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A painting that was originally purchased for £400 by a priest in the Peak District, England has been revealed as an Anthony Van Dyck masterpiece worth £400,000.

The portrait (see here) that was brought to the BBC's Antiques Roadshow had been under inspection after the show's host Fiona Bruce, 49, spotted the artwork's potential to be a genuine one, when the portrait was taken for the show at Nestead Abbey, near Nottingham last year.

Father Jamie Macleod, who bought the portrait from an antique shop in Cheshire, expressed his shock and delight on the revelation. He now plans to sell the masterpiece, in order to raise funds for new church bells.

The discovery was confirmed after Dr Christopher Brown, one of the world authorities on the 17th Century artist, verified that it is a Van Dyck's piece after a lengthy restoration process.

"It's been an emotional experience and it's such great news," Father Jamie, who runs a retreat house in Whaley Bridge told BBC.

Van Dyck, regarded as one of the masters of the 17th Century art, was the leading court painter in England under King Charles I. The portrait in question is of a Magistrate of Brussels, and is the most valuable piece of art identified in the show's 36-year history.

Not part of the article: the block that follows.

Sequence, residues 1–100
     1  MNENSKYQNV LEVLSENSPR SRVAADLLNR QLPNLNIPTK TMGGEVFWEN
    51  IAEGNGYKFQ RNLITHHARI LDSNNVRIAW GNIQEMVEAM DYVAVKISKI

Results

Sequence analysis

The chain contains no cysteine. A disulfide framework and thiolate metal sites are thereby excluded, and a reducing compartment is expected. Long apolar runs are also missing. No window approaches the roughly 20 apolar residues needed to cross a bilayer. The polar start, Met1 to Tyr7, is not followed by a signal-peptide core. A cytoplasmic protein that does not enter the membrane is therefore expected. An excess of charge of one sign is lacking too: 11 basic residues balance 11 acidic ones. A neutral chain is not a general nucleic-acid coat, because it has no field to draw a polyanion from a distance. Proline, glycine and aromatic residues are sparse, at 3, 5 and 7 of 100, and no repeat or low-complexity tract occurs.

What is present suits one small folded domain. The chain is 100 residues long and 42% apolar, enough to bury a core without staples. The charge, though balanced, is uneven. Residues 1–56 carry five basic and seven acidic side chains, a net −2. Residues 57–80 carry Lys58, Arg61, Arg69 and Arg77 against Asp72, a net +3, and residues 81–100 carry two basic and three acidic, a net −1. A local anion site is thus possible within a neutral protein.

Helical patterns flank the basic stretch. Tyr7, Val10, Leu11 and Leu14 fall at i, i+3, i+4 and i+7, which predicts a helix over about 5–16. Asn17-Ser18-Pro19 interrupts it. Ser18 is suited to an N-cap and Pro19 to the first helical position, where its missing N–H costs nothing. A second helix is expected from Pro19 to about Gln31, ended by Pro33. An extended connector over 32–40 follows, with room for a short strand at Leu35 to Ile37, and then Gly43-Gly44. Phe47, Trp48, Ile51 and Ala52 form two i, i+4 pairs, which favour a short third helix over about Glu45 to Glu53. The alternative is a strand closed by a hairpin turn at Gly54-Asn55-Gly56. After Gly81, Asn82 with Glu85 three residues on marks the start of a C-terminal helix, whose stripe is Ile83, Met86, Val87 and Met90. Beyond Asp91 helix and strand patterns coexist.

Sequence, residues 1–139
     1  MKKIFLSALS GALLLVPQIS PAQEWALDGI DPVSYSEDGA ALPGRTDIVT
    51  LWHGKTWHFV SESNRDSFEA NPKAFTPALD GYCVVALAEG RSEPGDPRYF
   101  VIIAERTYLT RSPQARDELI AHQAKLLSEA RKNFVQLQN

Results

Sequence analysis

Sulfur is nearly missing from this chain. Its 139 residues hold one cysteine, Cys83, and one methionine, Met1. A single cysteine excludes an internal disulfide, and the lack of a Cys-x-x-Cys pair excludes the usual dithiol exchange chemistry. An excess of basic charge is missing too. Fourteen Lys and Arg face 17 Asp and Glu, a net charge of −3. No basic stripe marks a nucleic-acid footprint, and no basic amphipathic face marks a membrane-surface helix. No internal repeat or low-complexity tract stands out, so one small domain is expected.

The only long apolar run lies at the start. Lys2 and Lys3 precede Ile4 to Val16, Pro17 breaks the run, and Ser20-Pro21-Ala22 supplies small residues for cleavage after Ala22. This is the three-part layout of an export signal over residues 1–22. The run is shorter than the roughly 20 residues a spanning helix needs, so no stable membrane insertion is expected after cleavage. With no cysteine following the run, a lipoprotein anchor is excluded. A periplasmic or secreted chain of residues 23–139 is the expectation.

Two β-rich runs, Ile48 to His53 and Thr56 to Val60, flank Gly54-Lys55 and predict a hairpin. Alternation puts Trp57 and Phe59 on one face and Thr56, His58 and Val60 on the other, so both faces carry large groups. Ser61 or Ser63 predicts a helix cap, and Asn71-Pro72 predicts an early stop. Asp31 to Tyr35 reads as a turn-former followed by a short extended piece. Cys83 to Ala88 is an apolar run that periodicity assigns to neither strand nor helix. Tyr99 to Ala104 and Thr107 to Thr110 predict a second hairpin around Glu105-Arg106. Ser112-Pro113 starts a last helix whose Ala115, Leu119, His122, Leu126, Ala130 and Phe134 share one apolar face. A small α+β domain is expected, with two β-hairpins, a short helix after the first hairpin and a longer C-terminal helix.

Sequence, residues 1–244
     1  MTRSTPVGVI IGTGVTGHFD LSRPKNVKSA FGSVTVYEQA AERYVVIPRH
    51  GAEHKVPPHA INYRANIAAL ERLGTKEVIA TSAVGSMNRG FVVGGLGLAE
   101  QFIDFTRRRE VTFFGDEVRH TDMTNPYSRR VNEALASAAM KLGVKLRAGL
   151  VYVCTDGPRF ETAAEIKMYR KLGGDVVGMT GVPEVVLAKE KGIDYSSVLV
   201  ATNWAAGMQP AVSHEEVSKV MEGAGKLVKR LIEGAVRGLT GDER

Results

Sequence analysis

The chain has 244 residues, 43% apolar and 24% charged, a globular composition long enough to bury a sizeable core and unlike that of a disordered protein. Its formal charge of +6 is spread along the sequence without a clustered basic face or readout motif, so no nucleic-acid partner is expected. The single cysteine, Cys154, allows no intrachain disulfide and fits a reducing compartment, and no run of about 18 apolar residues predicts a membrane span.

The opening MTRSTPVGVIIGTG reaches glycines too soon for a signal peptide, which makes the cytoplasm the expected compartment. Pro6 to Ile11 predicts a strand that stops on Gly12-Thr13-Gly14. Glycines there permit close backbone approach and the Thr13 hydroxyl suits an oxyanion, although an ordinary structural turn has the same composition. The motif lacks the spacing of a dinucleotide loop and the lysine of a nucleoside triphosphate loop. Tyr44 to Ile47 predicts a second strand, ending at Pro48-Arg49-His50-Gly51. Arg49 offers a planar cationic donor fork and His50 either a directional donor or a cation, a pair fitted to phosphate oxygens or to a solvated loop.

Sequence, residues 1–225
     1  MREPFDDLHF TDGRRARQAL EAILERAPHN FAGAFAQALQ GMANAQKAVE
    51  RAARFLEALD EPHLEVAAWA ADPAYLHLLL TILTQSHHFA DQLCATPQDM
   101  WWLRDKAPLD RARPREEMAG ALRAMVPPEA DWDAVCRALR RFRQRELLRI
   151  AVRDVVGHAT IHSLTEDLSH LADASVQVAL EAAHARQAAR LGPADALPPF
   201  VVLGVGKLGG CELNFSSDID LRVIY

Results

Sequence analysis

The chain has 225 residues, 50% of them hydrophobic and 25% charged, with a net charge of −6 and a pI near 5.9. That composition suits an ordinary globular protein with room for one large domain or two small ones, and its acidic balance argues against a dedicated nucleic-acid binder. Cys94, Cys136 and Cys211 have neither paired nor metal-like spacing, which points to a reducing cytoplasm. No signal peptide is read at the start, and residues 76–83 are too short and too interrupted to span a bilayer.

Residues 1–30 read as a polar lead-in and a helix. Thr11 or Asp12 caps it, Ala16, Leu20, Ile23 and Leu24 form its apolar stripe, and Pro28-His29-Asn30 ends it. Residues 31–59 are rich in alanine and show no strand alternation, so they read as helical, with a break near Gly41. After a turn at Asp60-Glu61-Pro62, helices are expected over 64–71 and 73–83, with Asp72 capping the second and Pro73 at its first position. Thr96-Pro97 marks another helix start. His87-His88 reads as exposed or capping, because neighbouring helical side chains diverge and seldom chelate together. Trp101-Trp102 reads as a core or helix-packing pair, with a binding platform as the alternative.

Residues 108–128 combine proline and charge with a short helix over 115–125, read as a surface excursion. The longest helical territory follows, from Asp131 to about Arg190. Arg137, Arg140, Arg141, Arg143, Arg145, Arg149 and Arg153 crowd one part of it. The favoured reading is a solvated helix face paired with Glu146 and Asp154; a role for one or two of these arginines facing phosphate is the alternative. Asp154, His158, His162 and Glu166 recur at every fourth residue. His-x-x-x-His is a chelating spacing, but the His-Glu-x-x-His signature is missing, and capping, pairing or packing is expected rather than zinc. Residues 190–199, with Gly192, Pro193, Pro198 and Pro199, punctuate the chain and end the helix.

Show host Fiona said that she was "thrilled" by the revelation. "It's everyone's dream to spot a hidden masterpiece, I'm thrilled that my hunch paid off, to discover a genuine Van Dyck is incredibly exciting. I'm so pleased for Father Jamie," BBC quoted her as saying.

Fiona was making a show about the artist with expert Philip Mould, when the painting was identified and she thought that it could be genuine.

"Discoveries of this type are exceptionally rare," Mould said, "The painting's emergence from beneath layers of paint was dramatic. It's been revealed as a thrilling example of Van Dyck's skills of direct observation that made him so great a portrait painter."